Falstaff210 - 219
- Because their legs are both of a bigness , and ’a plays at
- quoits well , and eats conger and fennel , and drinks off
- candles’ ends for flap - dragons , and rides the wild - mare with
- the boys , and jumps upon join’d - stools , and swears with a
- good grace , and wears his boots very smooth , like unto the
- sign of the Leg , and breeds no bate with telling of discreet
- stories ; and such other gambol faculties ’a has , that show a
- weak mind and an able body , for the which the Prince admits
- him . For the Prince himself is such another , the weight of a
- hair will turn scales between their avoirdupois .
- Would not this nave of a wheel have his ears cut off ?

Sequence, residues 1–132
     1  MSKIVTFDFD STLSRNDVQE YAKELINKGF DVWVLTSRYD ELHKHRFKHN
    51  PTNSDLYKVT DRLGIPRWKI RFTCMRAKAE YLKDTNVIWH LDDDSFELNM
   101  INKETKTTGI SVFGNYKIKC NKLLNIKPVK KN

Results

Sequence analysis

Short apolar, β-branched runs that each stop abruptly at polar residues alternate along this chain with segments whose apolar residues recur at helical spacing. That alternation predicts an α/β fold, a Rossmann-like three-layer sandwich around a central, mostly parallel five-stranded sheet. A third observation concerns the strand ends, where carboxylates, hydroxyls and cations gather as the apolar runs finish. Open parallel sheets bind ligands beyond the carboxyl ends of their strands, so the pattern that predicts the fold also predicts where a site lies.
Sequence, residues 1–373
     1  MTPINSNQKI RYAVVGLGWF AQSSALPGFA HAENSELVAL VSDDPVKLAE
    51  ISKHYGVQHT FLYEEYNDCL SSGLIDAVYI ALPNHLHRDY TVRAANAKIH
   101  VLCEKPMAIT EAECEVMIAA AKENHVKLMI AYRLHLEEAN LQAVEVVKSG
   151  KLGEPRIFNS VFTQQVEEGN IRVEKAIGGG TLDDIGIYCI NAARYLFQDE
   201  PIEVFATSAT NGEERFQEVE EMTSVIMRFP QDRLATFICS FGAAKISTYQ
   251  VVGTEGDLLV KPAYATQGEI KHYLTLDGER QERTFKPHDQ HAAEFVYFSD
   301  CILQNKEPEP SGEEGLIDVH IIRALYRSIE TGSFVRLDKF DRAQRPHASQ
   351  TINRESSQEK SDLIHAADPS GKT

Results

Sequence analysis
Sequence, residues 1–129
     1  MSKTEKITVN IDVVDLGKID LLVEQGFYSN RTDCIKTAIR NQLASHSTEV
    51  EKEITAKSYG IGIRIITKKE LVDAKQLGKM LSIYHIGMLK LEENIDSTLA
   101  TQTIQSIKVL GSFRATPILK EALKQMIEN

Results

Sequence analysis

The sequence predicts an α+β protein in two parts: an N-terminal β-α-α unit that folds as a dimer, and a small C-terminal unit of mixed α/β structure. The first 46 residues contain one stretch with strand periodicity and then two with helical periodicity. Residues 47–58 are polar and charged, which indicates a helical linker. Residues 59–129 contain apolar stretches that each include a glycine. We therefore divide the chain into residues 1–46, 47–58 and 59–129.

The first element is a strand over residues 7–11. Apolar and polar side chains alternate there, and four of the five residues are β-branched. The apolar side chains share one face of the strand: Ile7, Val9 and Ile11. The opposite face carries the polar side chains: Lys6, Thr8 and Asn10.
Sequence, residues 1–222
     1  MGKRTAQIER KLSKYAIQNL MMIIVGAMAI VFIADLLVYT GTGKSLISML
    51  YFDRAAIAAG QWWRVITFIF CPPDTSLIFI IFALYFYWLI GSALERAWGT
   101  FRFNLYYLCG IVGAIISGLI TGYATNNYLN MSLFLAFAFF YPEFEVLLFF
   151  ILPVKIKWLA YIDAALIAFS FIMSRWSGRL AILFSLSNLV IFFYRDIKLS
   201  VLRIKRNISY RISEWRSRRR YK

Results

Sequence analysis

- Let’s beat him before his whore .
Prince Henry222 - 223
- Look whe’er the wither’d elder hath not his pole claw’d like
- a parrot .
Poins224 - 225
- Is it not strange that desire should so many years outlive
- performance ?
- Kiss me , Doll .
Prince Henry227 - 228
- Saturn and Venus this year in conjunction ! What says th’
- almanac to that ?
Poins229 - 231
- And look whether the fiery Trigon , his man , be not lisping
- to his master’s old tables , his note - book , his
- counsel - keeper .
- Thou dost give me flattering busses .
- By my troth , I kiss thee with a most constant heart .
- I am old , I am old .
Doll Tearsheet235 - 236
- I love thee better than I love e’er a scurvy young boy of
- them all .
Falstaff237 - 239
- What stuff wilt have a kirtle of ? I shall receive money a’
- Thursday , shalt have a cap tomorrow . A merry song ! Come , it
- grows late , we’ll to bed . Thou’t forget me when I am gone .
Doll Tearsheet240 - 242
- By my troth , thou’t set me a - weeping and thou say’st so .
- Prove that ever I dress myself handsome till thy
- return — well , hearken a’ th’ end .